Chemicals are essential to our everyday lives as well as the processes used to make clothes, such as washing, dyeing and printing. Good chemical management is crucial to ensure safe use and reuse of materials.
H&M Group is working to ensure that all our products are safe to produce and wear. This includes eliminating any hazardous discharge into water, soil and air. Our vision is to lead the change towards safe products and toxic-free fashion, guided by our Chemical Roadmap.
This is how H&M Group will continue to lead the way towards our overarching goal: toxic-free fashion by 2030.
- Traceability – of the input of chemicals used in H&M Group production for commercial goods by 2030.
- Policy engagement – push legislation and support public policies promoting progressive chemical management.
- Transparency – share information about chemicals with customers, including full public disclosure of wastewater discharge test data.
- Best available chemistries – promote innovation and the development of better chemicals and technologies throughout the supply chain.
- Zero discharge – no discharge of prioritised hazardous chemicals in the supply chain.
- 100% circular – reach our goal to use 100% recycled or other sustainably sourced materials by 2030 in terms of chemicals (materials and processes).
- Collaboration – clean factories that use common tools such as the Manufacturing Restricted Substance List (MRSL).
Leading the Change
H&M Group’s chemical requirements for suppliers usually exceed existing regulations and we promote progressive chemical management. Hazardous chemicals shouldn’t be used in production or found in any of our products. H&M Group was one of the first in the industry to establish a Chemical Restrictions List in 1995, which has been constantly updated. Our suppliers are contractually bound to comply with the list.
H&M Group is a member of a brand-driven collaboration to reduce the use of hazardous chemicals in the apparel and footwear supply chain called the Apparel and Footwear RSL Management (AFIRM). We are also signatory members of Zero Discharge of Hazardous Chemicals (ZDHC). Our chemical restrictions for textiles are aligned with both the AFIRM Restricted Substances List and the ZDHC Manufacturing Restricted Substance List. In addition, there are some substances that H&M Group has strategically phased out or will phase out. This is based on precaution or legal standards in the markets we operate. To ensure compliance with our restricted list we perform regular tests on our products, mainly performed by third-party laboratories.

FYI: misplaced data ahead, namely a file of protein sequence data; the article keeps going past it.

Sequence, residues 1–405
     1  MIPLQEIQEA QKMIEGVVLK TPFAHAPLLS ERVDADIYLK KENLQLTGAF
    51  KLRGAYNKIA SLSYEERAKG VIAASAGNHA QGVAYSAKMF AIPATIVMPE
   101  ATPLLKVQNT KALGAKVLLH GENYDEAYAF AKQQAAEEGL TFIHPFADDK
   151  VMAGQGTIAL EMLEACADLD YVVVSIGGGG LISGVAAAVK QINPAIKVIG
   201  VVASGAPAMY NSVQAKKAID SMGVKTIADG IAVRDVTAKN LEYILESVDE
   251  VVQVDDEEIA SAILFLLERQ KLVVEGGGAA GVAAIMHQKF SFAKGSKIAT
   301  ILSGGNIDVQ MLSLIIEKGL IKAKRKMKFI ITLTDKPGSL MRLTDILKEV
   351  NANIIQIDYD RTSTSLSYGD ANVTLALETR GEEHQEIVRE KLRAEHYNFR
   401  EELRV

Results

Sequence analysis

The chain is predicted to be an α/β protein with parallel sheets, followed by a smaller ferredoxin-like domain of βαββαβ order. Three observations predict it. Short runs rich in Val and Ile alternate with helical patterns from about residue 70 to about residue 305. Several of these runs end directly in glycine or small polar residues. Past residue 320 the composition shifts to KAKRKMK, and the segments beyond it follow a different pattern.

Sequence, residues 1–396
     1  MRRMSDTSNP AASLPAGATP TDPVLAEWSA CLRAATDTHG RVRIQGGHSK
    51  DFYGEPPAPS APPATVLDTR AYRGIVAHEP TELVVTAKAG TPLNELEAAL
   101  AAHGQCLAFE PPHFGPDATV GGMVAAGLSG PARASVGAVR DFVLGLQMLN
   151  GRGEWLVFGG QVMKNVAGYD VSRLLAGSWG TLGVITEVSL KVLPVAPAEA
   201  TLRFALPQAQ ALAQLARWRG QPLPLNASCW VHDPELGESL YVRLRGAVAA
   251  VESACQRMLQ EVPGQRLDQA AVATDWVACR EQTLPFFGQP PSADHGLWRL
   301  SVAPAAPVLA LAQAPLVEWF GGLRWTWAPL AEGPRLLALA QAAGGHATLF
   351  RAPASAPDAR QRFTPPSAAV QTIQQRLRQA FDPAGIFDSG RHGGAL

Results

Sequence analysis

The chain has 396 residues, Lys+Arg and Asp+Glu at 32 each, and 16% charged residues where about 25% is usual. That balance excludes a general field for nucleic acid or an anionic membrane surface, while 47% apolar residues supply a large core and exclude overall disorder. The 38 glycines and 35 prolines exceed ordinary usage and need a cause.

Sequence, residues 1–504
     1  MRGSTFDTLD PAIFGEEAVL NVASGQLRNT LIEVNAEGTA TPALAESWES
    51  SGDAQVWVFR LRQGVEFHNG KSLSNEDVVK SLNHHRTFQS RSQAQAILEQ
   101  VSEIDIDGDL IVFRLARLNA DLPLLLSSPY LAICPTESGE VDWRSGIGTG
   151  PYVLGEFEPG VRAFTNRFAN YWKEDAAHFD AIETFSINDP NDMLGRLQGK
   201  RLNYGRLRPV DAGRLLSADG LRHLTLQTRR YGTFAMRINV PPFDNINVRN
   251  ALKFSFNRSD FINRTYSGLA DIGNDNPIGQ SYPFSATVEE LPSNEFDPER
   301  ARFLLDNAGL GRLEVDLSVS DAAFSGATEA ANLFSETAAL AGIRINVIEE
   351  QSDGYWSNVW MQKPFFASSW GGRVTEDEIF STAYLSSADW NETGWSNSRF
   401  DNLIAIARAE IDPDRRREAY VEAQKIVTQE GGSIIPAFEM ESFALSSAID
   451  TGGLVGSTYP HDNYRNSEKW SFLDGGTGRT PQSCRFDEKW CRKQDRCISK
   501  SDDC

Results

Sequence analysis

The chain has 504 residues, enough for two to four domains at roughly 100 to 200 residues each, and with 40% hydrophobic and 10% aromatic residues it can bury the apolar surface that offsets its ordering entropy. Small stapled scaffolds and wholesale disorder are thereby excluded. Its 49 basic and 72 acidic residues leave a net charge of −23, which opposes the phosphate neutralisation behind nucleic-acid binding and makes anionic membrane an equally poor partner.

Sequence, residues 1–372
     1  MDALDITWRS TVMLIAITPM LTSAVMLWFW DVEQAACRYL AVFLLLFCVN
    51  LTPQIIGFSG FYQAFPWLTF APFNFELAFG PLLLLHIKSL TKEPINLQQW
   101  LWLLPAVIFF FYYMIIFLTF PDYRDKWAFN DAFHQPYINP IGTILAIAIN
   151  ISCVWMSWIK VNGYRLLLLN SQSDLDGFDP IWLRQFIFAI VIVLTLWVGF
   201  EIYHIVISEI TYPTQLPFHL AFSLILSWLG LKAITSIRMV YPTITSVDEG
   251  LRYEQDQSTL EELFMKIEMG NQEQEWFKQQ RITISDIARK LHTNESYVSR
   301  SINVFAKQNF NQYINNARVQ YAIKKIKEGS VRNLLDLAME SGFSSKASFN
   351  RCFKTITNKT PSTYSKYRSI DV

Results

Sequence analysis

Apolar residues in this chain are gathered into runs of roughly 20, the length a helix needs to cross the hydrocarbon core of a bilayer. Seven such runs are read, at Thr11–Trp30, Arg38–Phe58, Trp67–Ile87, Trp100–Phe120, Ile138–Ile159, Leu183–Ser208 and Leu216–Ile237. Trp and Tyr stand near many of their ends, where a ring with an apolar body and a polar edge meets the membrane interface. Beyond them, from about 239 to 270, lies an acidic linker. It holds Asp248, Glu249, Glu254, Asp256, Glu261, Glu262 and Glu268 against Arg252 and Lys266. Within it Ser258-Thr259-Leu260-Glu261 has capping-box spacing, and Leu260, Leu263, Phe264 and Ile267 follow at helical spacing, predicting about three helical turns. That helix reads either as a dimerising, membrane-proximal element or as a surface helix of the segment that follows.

H&M Group has adopted Screened Chemistry, a method to assure that we choose the best in class chemicals. The method is hazard-based and involves a third-party assessment that addresses environmental and human health hazards. It enables us to avoid hazardous substances in production. We define hazardous as persistent, bioaccumulative, toxic, carcinogenic, mutagenic, toxic to reproduction or endocrine disruption.
When choosing chemicals, we encourage our suppliers to use the ZDHC Gateway Chemical Module. This is a web-based industry-wide platform providing information on MRSL compliant chemicals. In 2021, 81% of the chemicals used within our textile and leather supply chains were assured to meet ZDHC requirements via the ZDHC Gateway.
In 2011, H&M Group and many other brands signed a commitment to phase out hazardous chemicals in the textile and leather supply chains by 2020. We collaborated to form the ZDHC and its programme to secure good chemical management.
We have widely implemented this programme and were awarded ‘aspirational level’ in the annual assessment of the Brands to Zero leader programme. Out of the 30 ZDHC Contributor Brands, five achieved this level. In 2021, 95% of our textile and leather supply chain was enrolled in the ZDHC programmes, equalling 609 suppliers.
Our Sustainability Commitment, which all suppliers must sign, includes a set of requirements concerning the safety of chemical handling and storage, as well as environmental requirements such as the treatment of wastewater and the handling of hazardous waste.
How we control ZDHC MRSL compliance
The ZDHC programme enables us to measure how we are performing on our journey towards toxic-free fashion. We have now achieved 95% ZDHC compliance of input chemical and we will continue our work to reach 100%.
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- Transparent & compliant
Our supply chain’ wastewater is getting cleaner. In 2021 we reached 99.9% ZDHC MRSL compliance. At H&M Group we have root cause analysis routines in place to handle each failure to help us and our suppliers reach 100%. By sharing our results, we encourage transparency. All wastewater results are also published on the Institute of Public & Environmental Affairs (IPE) platform as well as in ZDHC’s platform, DetoxLive.
- % of suppliers that are ZDHC MRSL compliant
Recycled materials and chemicals
Recycled materials are a key element in the circular economy. But increasing their use while staying toxic-free presents a challenge. To tackle this we initiated a collaborative study on recycled materials with IKEA to support better knowledge and understanding of the potential risk of hazardous chemicals present in recycled textiles.